“I’m not sure, but there was a delayed spell that was triggered somehow. Nothing in the cafe showed evidence of enchantment, which suggests something was brought it. I assume it wasn’t Rebecca, so . . .”

“But why?” Sarah asked. “Bailey seemed genuinely concerned. And Rebecca agreed to meet with her. Why would she do that if Bailey was a possible threat?”

“I don’t know. That’s why I had hoped to talk with them. We need to find them.”

“Maybe Thomas can help?” Sarah made the suggestion even though she knew it was likely to upset Julia. Now was not the time to worry about that.

“Thomas . . .” Julia sounded thoughtful rather than angry. “Didn’t he vouch for Bailey when they first arrived?”

Sarah had forgotten that detail. “You’re right. He did.”

“Are you suggesting he had something to do with this?” David sounded genuinely shocked.

“No.” That response from Julia surprised Sarah. “I don’t trust him, but if he really wanted to do something to Rebecca, there were simpler ways of going about it. I’m just wondering how he could have been wrong about Bailey.”

“Hold on. We don’t know that it was Bailey.” Sarah felt compelled to point out that all they had was speculation at this point.

“Fair enough. So what do we do now?”

There were too many unknowns. How could they keep from just chasing shadows? 

“Julia, will you try to find Bailey?”

“You didn’t even need to ask.” Julia turned around and walked out.

“David, would you back me up? I want to check something out. Back up would make me feel a little better.”

“Sure. You want to tell me about where we’re going?”

“Yeah. Come on. Let’s get ready.”

Cafe Interlude

Now that he was alone with Julia, David found himself searching for the words he had wanted to say for awhile. They were sitting at a table in the cafe where Rebecca had disappeared. Julia was turning a green crystal over and staring at it intently.

“So what did you want to talk about?” She didn’t look up as she asked the question.

“What do you mean?” It was a reflexive response.

“You volunteered to come with me, even though there wasn’t anything for you to do. I’m assuming it was because you wanted to talk.”

Maybe it was because she always seemed aloof, or maybe it was the anger that was lurking just beneath the surface, but David was still unable to shake the way she intimidated him. Still, there wasn’t likely to be a better chance than this.

“I just wanted to tell you that I am sorry.”

“For what?”

“That I was unable to protect you from . . .”

“Don’t be ridiculous. It’s not your job to protect me.”

“But, if I had . . . then Jason . . .” As soon as he said it, he regretted it.

“Stop.” She looked up from the crystal with fire in her eyes. “What happened, happened. Thomas screwed up. Put you in an impossible situation. Put us both in harm’s way. Nothing else needs to be said.”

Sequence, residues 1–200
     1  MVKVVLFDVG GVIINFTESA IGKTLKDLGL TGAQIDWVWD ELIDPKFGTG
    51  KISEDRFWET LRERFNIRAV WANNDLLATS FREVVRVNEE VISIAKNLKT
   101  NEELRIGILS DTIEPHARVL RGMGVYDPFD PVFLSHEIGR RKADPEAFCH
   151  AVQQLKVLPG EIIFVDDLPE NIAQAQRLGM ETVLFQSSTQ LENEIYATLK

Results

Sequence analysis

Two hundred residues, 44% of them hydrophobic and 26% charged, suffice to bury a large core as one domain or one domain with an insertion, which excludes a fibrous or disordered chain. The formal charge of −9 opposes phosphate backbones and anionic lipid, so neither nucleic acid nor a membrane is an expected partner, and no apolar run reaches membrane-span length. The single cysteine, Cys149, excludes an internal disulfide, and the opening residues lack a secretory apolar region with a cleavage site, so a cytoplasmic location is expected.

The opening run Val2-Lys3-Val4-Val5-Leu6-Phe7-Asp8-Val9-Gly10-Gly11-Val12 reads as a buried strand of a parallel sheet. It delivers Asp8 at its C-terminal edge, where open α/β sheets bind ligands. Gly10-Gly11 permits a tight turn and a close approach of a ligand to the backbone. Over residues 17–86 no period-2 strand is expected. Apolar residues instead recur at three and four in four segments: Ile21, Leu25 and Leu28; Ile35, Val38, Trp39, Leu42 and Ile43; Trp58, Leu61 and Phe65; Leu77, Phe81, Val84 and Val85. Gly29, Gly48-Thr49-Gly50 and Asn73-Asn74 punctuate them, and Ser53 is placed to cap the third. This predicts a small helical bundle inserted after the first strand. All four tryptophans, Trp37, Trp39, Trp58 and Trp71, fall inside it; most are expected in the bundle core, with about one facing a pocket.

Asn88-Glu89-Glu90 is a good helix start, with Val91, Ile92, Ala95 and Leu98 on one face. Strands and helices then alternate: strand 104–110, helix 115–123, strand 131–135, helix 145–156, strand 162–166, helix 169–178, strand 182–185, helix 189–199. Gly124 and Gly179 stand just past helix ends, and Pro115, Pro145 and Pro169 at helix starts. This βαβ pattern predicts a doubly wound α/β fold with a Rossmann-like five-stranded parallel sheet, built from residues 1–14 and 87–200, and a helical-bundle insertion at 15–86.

David looked down at his hands. “Sorry.”

Julia did not respond, instead pouring all of her attention back into the crystal. It was impossible to read her, and, according to Sarah, Jason was the only one who had known her much at all. He wanted to find a way to connect with her, but mentioning Jason seemed to make that even more unlikely now.

Instead, he watched her examine the crystal. Whatever it showed her, he was unable to see it himself. The realm of magic was impossibly large, and he doubted anyone had even the most superficial familiarity with the whole of it. Nonetheless, he wanted to learn all he could. This did not seem like a good time to ask.

Without warning, Julia stood up. “We have to go. We need to get back to the house. Right now.”

“Why? What happened?”

“Not now. I’ll explain when we get there.”

Family Meeting

Sitting around the dining room table, everyone looked to Sarah. It may have been Thomas’s house, but all the residents recognized Sarah as the de facto leader. It had been she who called them all together.

“Rebecca is missing,” she began, without preamble.

“I thought she had already left?” David hadn’t been happy upon hearing of her departure.

“She had,” Sarah replied. “But Bailey and I went to meet with her.” She gestured towards Bailey, who ducked their head sheepishly. “During that meeting, she vanished amid a bright flash of light.”

“So you think she was abducted,” Julia said, rather than asked.

“I don’t really think she would have agreed to meet if she was just going to leave in the middle of it.” Sarah tried not to sound defensive.

Julia held up her hand. “I’m not doubting you. I just want to understand what happened. Was there any sign before she disappeared? Any indication of what sort of magic was used?”

“No. I wasn’t actually there. I had gone outside to give Bailey and Rebecca some privacy. I saw a flash, and when I ran back inside, Rebecca was gone.”

“Bailey? What happened? Tell us everything you can remember.”

Clearly nervous and upset, Bailey looked up at Julia. “We were just talking, catching up a little. I think she was scared, but not of me. I was asking her for help with my living situation. Next thing I knew, a bright flash knocked me backwards. When my vision cleared, Sarah was standing over me, and Rebecca was nowhere to be seen.”